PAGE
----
While I am either pacing and grinding my teeth or, more wisely, reading a book, I look on in wonder at how Costa Ricans can stand in line and wait, no newspapers, no books, no Discmans or MP3 players. They patiently get into formation and wait in banks, in cash register lines, in bus stations; you name it. Most of all, they wait in line at government agencies.
I have always admired their patience in an unavoidable situation; I have always abhorred their complacency when it is an unjust situation.
Once, when I was in an “express” bank line for making loan payments, some guy had been loitering at the window, glad-handing the cashier for some 20 minutes while the rest of us stewed. “Hold my place,” I said to the woman in front of me, “I am going to complain.” I did, and a manager duly came to inspect.
When I got back into line, the woman looked at me and said, “Now, why did you, a foreigner, have to be the one to do the right thing and complain? We Ticos just take too much!”
Now, Costa Rica is awfully proud of the Caja, the state social security and health care system designed to be available to all. Unlike in some other developing countries, where people have no health care unless they can pay, everyone in Costa Rica has a right to doctors and hospitals – in theory.
The fact is that some of the worst government abuses in the way of inefficiency, corruption and dreadful treatment in Costa Rica occur in the Caja. Don’t get me wrong; it’s not always shoddy, just usually. There are some excellent doctors and nurses working for the Caja, but there are also lots of stinkers.
I can appreciate that Costa Rica does not have the resources to provide first-world health care, that the system is badly overloaded, and that socialized medicine, as democratic as it may be, has its drawbacks in any country. What I cannot abide is unnecessary inhumane treatment.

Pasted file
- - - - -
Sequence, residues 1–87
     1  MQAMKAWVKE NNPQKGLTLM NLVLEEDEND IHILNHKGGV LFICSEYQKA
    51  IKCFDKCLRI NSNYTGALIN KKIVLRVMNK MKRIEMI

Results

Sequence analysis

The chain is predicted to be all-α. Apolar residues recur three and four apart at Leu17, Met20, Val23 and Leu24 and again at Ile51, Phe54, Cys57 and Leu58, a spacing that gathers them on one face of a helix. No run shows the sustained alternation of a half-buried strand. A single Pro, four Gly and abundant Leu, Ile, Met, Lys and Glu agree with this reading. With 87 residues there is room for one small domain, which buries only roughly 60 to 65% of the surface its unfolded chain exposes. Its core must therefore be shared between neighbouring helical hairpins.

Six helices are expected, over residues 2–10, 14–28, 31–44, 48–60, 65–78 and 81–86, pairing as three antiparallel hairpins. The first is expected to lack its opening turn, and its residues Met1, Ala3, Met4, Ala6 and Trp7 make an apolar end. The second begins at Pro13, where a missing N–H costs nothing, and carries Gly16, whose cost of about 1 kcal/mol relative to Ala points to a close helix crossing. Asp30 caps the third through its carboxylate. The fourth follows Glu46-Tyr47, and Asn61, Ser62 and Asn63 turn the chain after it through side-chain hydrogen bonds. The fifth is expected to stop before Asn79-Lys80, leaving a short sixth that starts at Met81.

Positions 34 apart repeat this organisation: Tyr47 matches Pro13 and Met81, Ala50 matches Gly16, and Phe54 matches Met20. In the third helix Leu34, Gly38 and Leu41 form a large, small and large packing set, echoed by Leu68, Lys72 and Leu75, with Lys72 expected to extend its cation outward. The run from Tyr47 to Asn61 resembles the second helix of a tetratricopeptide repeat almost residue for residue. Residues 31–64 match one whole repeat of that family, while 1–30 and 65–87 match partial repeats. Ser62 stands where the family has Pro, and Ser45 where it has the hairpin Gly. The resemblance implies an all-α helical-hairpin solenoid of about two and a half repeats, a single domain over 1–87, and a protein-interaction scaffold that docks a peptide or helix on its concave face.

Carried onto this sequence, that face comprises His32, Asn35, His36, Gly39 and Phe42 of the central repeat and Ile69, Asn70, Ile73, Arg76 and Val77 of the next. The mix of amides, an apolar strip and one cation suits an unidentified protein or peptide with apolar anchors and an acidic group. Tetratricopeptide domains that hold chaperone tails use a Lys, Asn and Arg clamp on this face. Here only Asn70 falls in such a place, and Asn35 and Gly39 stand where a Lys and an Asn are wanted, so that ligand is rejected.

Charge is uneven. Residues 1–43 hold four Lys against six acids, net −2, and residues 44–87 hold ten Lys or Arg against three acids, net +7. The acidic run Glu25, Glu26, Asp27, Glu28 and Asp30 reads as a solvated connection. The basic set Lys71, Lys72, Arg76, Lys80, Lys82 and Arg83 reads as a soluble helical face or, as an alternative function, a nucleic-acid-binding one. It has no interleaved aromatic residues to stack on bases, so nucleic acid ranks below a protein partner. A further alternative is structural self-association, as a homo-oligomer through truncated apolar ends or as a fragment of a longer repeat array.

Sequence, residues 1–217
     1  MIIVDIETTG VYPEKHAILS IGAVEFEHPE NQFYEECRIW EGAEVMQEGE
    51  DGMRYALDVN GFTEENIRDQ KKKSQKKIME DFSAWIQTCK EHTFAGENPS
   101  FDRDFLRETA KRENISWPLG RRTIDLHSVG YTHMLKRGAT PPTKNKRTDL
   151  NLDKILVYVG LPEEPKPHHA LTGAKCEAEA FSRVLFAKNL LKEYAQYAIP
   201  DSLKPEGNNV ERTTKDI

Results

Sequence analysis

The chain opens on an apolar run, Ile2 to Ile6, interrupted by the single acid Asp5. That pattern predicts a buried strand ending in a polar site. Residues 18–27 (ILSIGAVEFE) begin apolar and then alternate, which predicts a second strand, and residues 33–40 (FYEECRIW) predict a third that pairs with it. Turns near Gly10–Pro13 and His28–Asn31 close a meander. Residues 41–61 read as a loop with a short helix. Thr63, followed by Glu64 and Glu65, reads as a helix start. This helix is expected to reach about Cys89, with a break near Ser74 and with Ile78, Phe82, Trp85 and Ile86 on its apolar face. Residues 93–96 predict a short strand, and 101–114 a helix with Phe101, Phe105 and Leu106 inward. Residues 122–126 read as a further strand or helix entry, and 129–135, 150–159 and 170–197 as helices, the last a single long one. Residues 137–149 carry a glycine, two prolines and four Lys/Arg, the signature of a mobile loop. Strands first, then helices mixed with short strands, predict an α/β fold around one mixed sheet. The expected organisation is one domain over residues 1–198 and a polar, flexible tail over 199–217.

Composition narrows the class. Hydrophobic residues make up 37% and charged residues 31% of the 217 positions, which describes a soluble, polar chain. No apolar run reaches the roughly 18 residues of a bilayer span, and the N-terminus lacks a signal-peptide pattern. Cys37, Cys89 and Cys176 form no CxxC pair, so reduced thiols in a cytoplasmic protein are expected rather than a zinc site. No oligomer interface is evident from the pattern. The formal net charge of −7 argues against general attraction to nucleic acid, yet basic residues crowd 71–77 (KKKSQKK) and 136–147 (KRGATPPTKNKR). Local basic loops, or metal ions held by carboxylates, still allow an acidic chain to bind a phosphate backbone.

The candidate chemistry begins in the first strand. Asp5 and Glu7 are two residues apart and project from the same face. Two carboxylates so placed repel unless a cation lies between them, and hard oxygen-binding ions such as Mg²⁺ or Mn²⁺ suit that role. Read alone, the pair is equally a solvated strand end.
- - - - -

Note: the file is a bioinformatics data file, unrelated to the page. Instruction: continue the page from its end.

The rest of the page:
As an example, here’s a little story:
The doctora from my EBAIS (public community health clinic managed by the Caja) wanted me to get a stomach examination. When I got the appointment paper, however, I realized that it was scheduled for a year and a half in the future. I thought no more of it and went on to find a natural cure that worked. A year and a half later, I got the stomach flu and some symptoms returned, so I decided to go ahead and do it.
For reasons still unknown, Cartago, where I had the appointment, is one of the stomach cancer centers of the world, so much so that the Japanese government is conducting a study there. Therefore, there is an extraordinary demand for this particular examination.
I arrived at 8 a.m. to find the facility cramped into a tiny space where some 40 patients were waiting. There were a few seats, but most people were standing in a hot, narrow hall: the elderly, the sick, the exhausted, all of them fasting, all of them expecting a doctor to call their names.
It never happened.
I stayed glued to my Kindle for an hour and a half before I realized that the doctors simply had not shown up – not that anyone was informing the patients about it. And there they were, all these accommodating people, continuing to wait without complaint.
Not I. I got up and left.
This was not by any means an atypical day in the Cartago hospital. It happens all the time, or so everyone tells me.
My point is this: Low on money or not, a hospital like the one in Cartago can take some measures to make things better, to be more, as it were, hospitable. Administrators could find a better space for such a widely held exam, they could bring negligent doctors up short, they could train personnel to be kind and keep the patients up on what’s happening, they could put in a number system so people would know where they were in the line and could go do other things in the meantime.
And the patients, the Ticos, the very people who pay for the system, could decide to not put up with it, to protest, to sue. Whatever.
Part of the reason they don’t protest is cultural. They don’t have the sense of entitlement we Gringos have. They think the government will always win, that there is no hope in fighting it.
Unfortunately, part of the reason is also weariness. There are so many battles to fight here (and not just in the Caja) that it is overwhelming. It is simply easier to accept dreadful treatment than to fight it.
For my part, the next time I need a medical test, I’ll go to a private clinic and put it on my credit card.
I’ll bet none of those people standing in that hot, narrow hallway had that option.